Much of what I have become, and the women I am today, I owe to busing. My story begins in 1958-the year my grandfather, Donald Strack, bought his first orange school bus. There is even a picture of him blessing his school bus hanging in our house. In 1990, my father, Tim, purchased the business, and as the tradition goes, my brother, Joe, bought the business from my dad in 2012. Busing runs passionately in the Strack’s veins.
Every single member of my immediate family has been involved with the bus business since its origination. At one time, I had three brothers, two grandfathers, two uncles, a dad, and a slough of family friends who all drove buses. My mother, my sister, my sister-in-law, and even myself have all been radio dispatchers for the business. The pleasant chit-chatter and “10-4’s” that may be heard between the drivers and the dispatcher…show more content… After school, I would hop on my uncle Mike’s bus. My mom would bake me an extra cookie, since she was able to stay home and dispatch, and I would save that cookie to give to Mike. Seeing his smile brighten, especially when it was chocolate chip, always made me happy.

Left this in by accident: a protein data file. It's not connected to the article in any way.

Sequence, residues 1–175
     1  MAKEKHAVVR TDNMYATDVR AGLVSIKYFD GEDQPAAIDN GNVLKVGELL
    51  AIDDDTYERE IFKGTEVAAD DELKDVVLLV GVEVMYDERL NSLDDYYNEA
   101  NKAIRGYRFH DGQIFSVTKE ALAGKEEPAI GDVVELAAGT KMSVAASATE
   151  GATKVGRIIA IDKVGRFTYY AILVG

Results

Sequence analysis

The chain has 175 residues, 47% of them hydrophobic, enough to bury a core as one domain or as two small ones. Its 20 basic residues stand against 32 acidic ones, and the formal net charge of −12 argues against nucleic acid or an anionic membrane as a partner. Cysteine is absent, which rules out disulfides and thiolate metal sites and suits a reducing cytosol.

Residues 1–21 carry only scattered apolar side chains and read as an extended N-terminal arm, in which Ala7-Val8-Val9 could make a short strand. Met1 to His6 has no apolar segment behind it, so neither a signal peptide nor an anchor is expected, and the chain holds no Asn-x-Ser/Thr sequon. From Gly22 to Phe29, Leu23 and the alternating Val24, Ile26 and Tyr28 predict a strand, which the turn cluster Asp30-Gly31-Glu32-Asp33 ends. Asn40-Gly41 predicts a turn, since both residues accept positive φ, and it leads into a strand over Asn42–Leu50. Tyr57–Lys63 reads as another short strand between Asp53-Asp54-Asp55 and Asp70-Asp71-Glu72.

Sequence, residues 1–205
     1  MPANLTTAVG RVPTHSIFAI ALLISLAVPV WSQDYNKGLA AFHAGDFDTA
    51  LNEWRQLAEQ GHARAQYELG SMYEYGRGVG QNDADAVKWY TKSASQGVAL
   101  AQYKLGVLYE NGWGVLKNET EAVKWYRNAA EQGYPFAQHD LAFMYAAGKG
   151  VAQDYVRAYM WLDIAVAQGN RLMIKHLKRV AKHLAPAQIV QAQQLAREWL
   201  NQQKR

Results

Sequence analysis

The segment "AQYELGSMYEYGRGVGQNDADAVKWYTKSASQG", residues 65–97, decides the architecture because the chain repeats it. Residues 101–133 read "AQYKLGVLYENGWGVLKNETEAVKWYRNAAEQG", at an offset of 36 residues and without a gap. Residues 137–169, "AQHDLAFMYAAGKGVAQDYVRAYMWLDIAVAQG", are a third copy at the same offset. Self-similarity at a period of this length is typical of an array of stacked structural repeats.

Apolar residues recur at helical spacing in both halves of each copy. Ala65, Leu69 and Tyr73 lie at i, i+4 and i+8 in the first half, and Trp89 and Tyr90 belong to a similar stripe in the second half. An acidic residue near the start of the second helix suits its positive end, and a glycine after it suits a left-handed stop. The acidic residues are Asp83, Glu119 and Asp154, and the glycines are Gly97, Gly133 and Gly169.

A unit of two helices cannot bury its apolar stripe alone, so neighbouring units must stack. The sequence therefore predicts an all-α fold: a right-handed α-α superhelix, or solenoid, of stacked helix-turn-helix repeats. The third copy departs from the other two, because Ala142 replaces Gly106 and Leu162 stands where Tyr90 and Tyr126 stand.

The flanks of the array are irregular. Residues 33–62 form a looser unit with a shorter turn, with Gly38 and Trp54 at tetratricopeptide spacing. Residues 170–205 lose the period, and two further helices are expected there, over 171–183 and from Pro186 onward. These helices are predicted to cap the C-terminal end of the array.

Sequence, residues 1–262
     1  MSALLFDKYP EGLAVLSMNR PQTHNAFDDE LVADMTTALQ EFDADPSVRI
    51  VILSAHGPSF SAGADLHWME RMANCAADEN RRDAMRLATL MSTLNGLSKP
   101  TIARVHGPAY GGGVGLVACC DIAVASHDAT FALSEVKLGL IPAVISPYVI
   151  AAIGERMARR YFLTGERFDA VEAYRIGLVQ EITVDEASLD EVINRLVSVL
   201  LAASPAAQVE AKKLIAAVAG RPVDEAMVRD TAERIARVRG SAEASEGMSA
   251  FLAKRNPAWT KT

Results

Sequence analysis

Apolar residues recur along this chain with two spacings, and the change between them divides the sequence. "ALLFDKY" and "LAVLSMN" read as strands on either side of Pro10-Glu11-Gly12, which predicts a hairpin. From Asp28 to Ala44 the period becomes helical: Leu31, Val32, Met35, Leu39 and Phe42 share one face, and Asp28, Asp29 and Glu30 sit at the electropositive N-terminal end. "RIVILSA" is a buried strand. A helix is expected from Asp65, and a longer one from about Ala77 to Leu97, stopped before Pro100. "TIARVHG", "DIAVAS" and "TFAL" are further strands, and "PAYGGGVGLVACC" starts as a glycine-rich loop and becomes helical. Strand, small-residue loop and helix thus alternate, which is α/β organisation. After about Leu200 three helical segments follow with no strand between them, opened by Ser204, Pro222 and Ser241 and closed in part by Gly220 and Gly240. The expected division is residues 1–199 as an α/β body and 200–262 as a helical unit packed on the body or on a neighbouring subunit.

Many days, instead of going home I would ask to go to the bus shop where I would wait for my dad to finish his route. There, I would make a bus fort; the most important part of a bus fort is to make sure it is clean. My dad taught me the importance of keeping your things orderly. Armed with a broom and Windex, I would fight of the dust mites and make sure that bus was spick and span when my dad arrived.
As time passed, I no longer quite enjoyed waking up at the crack of dawn on the weekends to clean the buses; however, I knew in order to respect my parents and their business, I needed to grit my teeth, hold my tongue from complaining, and work hard until my job was done. This is one of life’s greatest lessons, which I feel extremely blessed to have been shown and